Ohio will be the first state to expand its online library learning program statewide, allowing any Ohioan with a valid library card to take thousands of small, free online courses, whether for fun or to bolster a work resume.
While some of the software tutorials and job interviewing videos take a matter of minutes, the system also offers numerous structured learning paths for those who want to take a series of classes aimed at a particular career goal.
The program, for example, offers a six-course path toward becoming a Microsoft Excel specialist, or a 15-course pathway to become a front-end web developer. Many of the pathways feature tutorials, practice opportunities and eventually quizzes resulting in a certificate of completion that can be added to a resume.
The program is a partnership between The Ohio Library Council (OLC), the Ohio Public Library Information Network (OPLIN) and LinkedIn, which owns the Lynda.com online learning network. Some libraries, including Dayton Metro Library, have offered the service. The state’s Public Library Fund will pay the three-year, $2.1 million cost to take the program statewide in September, according to Cleveland.com.
“The OPLIN Board chose to invest in this online learning platform because it gives Ohio’s public libraries another critical tool to cultivate the state’s workforce, and it’s strongly aligned with the skills needed for Ohio’s list of in-demand jobs,” Don Yarman, OPLIN’s Executive Director said in a news release.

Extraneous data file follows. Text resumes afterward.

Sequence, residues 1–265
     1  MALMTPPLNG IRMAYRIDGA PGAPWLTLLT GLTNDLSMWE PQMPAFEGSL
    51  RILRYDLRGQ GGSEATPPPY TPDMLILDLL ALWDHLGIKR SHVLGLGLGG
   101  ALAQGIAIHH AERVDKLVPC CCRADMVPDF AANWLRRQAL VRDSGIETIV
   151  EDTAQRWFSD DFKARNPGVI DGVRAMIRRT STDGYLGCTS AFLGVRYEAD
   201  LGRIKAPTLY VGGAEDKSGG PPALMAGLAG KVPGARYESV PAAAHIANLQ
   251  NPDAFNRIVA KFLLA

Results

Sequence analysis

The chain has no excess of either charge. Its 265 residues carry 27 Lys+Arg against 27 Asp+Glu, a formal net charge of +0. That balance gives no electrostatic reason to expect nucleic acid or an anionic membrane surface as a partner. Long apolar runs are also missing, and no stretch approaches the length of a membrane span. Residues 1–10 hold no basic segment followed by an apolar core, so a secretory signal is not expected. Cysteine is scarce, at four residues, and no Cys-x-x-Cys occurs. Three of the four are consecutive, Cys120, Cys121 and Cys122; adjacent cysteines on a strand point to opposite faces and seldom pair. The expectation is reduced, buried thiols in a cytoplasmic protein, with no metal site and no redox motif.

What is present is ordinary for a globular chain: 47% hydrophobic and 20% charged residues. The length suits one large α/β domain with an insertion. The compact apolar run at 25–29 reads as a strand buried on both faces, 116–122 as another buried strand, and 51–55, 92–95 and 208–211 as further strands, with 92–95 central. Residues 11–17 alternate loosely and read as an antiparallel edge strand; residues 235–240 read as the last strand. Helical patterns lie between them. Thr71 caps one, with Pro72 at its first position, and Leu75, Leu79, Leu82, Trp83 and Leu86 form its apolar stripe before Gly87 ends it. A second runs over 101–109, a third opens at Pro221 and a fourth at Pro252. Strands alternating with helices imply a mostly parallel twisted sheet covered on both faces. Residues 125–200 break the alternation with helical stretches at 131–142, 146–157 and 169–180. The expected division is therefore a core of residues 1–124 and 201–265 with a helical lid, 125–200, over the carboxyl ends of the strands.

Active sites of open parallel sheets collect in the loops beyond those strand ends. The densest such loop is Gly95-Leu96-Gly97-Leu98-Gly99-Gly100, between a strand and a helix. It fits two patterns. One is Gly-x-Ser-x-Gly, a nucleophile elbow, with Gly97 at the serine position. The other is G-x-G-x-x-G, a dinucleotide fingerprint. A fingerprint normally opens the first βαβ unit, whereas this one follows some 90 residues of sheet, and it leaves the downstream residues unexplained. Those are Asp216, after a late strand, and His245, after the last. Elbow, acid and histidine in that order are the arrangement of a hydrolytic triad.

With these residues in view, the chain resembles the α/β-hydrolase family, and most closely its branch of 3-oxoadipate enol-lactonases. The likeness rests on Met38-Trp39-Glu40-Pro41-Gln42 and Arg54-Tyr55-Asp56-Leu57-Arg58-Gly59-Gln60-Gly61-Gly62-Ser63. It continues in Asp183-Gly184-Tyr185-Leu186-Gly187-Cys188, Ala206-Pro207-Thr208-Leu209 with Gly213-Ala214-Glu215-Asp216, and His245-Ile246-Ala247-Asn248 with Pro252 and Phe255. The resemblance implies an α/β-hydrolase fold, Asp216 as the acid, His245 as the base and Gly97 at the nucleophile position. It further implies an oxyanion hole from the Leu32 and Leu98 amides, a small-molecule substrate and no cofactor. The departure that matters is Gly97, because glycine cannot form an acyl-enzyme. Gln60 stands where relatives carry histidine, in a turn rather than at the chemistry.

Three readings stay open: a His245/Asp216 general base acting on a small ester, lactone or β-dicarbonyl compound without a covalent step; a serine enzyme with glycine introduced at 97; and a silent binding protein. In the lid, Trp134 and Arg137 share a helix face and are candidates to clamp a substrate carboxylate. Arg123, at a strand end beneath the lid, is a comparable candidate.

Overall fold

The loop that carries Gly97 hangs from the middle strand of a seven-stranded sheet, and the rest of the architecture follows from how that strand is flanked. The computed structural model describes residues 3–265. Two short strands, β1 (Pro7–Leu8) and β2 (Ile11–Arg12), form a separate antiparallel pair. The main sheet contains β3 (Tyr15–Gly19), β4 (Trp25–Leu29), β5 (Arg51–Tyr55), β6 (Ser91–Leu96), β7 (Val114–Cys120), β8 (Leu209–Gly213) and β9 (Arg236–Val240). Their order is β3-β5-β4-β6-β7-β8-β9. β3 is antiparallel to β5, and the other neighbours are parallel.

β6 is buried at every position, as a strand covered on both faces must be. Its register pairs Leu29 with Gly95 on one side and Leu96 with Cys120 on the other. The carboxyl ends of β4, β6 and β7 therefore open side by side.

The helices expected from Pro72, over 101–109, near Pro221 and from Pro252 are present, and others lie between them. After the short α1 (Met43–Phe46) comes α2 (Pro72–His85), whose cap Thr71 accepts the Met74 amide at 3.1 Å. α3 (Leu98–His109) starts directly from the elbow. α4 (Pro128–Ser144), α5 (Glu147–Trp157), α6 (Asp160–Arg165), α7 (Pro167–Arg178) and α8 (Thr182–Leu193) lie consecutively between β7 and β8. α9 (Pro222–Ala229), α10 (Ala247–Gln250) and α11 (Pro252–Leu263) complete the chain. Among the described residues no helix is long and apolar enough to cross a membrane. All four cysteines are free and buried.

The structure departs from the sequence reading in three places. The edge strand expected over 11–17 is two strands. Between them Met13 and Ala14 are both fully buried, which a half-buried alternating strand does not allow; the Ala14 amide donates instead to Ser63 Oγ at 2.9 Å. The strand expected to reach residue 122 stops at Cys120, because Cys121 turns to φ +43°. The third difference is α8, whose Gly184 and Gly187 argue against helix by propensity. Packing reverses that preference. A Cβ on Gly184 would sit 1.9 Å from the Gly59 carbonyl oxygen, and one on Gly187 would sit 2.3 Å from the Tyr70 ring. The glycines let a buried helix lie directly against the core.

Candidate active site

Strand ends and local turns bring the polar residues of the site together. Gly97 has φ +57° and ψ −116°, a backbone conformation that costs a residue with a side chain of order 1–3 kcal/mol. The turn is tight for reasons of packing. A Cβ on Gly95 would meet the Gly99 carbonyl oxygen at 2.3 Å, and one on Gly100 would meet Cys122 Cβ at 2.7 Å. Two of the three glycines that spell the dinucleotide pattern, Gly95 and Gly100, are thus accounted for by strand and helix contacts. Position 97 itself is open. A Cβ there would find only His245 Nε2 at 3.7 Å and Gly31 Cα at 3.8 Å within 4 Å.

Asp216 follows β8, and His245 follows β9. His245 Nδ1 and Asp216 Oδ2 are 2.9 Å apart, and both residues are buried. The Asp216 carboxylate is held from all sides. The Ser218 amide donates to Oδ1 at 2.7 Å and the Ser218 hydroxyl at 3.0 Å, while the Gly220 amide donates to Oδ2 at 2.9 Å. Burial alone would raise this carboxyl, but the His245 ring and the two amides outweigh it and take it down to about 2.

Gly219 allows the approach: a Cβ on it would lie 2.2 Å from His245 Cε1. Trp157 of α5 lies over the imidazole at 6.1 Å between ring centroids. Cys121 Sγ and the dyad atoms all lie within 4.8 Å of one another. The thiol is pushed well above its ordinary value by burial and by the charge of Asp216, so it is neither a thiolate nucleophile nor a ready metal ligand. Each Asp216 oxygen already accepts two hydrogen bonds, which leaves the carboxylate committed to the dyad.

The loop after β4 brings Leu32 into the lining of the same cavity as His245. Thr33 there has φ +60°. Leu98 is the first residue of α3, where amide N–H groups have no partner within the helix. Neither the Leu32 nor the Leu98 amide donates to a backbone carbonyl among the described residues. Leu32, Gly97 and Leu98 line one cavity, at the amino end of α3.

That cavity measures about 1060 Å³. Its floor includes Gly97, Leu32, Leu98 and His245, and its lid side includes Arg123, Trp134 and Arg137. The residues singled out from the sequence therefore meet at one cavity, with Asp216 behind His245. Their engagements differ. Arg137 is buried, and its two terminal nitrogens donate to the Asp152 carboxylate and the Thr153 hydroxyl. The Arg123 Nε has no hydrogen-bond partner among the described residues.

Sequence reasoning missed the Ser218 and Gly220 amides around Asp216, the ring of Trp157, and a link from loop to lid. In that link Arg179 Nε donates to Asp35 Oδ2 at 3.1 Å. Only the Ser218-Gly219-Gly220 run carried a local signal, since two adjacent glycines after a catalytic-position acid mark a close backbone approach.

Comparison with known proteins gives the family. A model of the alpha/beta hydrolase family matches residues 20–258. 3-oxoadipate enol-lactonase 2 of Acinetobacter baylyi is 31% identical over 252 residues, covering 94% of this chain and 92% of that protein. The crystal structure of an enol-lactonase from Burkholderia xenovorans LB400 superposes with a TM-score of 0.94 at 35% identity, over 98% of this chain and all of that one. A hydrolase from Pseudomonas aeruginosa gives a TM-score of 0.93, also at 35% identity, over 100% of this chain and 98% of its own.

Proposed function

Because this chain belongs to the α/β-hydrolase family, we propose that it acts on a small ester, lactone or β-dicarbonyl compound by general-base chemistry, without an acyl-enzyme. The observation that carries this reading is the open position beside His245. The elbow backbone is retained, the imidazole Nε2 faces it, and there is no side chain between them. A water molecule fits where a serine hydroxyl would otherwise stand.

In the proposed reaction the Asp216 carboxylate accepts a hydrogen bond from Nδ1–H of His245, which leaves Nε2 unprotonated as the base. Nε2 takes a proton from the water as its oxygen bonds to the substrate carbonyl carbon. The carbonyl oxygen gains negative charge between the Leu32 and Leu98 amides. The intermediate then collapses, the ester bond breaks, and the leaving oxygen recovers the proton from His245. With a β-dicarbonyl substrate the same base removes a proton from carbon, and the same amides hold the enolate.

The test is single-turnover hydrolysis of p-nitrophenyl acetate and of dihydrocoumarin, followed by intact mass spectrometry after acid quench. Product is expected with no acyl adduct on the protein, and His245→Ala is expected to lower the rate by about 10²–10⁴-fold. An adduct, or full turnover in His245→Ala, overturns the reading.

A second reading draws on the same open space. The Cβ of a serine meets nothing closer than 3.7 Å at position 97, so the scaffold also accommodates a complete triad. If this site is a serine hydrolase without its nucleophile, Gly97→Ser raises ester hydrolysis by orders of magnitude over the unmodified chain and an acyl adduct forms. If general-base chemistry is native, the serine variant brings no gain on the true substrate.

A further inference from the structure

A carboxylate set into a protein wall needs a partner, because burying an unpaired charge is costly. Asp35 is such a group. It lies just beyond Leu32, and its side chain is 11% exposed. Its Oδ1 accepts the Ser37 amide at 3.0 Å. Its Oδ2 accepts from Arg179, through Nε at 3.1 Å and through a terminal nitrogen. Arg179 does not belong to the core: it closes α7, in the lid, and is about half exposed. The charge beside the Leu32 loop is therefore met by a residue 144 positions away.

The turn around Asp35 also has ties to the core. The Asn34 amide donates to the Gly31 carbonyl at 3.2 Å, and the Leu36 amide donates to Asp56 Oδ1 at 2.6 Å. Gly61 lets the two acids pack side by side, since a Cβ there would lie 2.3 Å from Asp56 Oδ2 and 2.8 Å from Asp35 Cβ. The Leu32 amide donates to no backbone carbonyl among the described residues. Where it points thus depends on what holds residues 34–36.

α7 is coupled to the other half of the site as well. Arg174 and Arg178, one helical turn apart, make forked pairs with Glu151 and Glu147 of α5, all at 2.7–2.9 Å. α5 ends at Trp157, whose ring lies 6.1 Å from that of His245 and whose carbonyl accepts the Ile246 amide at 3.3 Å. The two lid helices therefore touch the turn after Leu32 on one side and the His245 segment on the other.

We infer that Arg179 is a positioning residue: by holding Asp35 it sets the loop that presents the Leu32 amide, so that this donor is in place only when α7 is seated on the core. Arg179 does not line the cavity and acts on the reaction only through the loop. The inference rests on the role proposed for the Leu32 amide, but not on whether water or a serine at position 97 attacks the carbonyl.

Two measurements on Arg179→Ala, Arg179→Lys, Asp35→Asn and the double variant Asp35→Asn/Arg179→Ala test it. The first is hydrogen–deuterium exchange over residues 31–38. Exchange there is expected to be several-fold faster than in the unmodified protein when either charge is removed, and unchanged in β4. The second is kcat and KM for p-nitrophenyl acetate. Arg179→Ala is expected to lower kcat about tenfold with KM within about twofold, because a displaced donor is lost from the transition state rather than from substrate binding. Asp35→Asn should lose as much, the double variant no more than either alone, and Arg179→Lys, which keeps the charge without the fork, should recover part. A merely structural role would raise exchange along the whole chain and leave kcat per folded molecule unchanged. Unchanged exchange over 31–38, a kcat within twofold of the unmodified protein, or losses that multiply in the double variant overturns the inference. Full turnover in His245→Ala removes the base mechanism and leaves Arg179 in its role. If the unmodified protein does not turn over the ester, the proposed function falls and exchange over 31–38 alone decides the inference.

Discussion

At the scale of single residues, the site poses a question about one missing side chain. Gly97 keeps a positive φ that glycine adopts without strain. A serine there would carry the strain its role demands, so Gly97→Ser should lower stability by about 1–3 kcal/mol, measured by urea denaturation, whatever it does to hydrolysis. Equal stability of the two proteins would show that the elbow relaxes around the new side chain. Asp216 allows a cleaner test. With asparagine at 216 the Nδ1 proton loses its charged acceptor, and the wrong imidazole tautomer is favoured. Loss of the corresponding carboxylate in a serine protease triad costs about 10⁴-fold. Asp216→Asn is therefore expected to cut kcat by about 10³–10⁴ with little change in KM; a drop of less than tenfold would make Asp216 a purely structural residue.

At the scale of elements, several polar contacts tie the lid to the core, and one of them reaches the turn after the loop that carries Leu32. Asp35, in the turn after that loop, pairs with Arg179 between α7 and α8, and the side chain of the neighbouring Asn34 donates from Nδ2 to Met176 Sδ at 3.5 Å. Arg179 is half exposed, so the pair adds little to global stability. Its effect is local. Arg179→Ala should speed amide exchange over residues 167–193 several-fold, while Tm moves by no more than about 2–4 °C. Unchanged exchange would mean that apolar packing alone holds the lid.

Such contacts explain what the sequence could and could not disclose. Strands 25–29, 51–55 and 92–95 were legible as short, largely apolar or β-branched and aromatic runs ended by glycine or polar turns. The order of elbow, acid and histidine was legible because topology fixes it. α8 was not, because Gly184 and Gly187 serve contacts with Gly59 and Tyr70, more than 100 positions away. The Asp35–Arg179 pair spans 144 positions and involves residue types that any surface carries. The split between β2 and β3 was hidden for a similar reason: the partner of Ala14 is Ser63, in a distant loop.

The library groups said this agreement is the first in the nation between LinkedIn and a statewide system of public libraries. The video courses are taught by industry experts and are designed for a variety of skill levels.
The LinkedIn service has more than 12,000 courses — everything from understanding more about your iPhone’s features and capabilities, to supply chain operations and project management, to instruction on dozens of computer software applications and programming languages.
“With this first-of-its-kind partnership, Ohio’s public libraries continue to serve as a model for the nation,” said Doug Evans, executive director of the Ohio Library Council. “Ohio already has the highest library use per capita in the United States. We are excited that this service will be available to every cardholder in the state. This partnership will help create economic opportunity and build Ohio’s workforce.”
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To learn more, visit ohioweblibrary.org/lynda/, or for Dayton Metro Library cardholders, go to daytonmetrolibrary.org and search for Lynda.com.
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